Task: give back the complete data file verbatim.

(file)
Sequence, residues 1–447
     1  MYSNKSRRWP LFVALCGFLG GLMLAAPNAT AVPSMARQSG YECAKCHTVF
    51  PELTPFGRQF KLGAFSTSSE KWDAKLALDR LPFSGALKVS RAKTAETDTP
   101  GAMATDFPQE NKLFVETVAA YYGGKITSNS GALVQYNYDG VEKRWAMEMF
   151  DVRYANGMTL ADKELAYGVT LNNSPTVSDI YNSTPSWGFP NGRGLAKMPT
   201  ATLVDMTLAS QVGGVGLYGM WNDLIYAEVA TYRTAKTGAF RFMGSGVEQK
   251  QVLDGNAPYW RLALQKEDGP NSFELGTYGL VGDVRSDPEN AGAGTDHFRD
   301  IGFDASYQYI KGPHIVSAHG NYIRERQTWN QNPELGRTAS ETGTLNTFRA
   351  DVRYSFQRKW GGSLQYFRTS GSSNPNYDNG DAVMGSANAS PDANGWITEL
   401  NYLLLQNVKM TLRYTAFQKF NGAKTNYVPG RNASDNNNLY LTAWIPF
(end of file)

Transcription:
Sequence, residues 1–447
     1  MYSNKSRRWP LFVALCGFLG GLMLAAPNAT AVPSMARQSG YECAKCHTVF
    51  PELTPFGRQF KLGAFSTSSE KWDAKLALDR LPFSGALKVS RAKTAETDTP
   101  GAMATDFPQE NKLFVETVAA YYGGKITSNS GALVQYNYDG VEKRWAMEMF
   151  DVRYANGMTL ADKELAYGVT LNNSPTVSDI YNSTPSWGFP NGRGLAKMPT
   201  ATLVDMTLAS QVGGVGLYGM WNDLIYAEVA TYRTAKTGAF RFMGSGVEQK
   251  QVLDGNAPYW RLALQKEDGP NSFELGTYGL VGDVRSDPEN AGAGTDHFRD
   301  IGFDASYQYI KGPHIVSAHG NYIRERQTWN QNPELGRTAS ETGTLNTFRA
   351  DVRYSFQRKW GGSLQYFRTS GSSNPNYDNG DAVMGSANAS PDANGWITEL
   401  NYLLLQNVKM TLRYTAFQKF NGAKTNYVPG RNASDNNNLY LTAWIPF